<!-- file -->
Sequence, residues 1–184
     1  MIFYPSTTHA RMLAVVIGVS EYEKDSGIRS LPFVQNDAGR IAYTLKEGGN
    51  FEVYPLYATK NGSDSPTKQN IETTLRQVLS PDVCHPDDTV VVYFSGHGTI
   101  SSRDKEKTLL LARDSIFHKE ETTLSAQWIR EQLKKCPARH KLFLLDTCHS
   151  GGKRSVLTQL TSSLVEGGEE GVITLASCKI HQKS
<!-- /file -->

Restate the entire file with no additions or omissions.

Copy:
Sequence, residues 1–184
     1  MIFYPSTTHA RMLAVVIGVS EYEKDSGIRS LPFVQNDAGR IAYTLKEGGN
    51  FEVYPLYATK NGSDSPTKQN IETTLRQVLS PDVCHPDDTV VVYFSGHGTI
   101  SSRDKEKTLL LARDSIFHKE ETTLSAQWIR EQLKKCPARH KLFLLDTCHS
   151  GGKRSVLTQL TSSLVEGGEE GVITLASCKI HQKS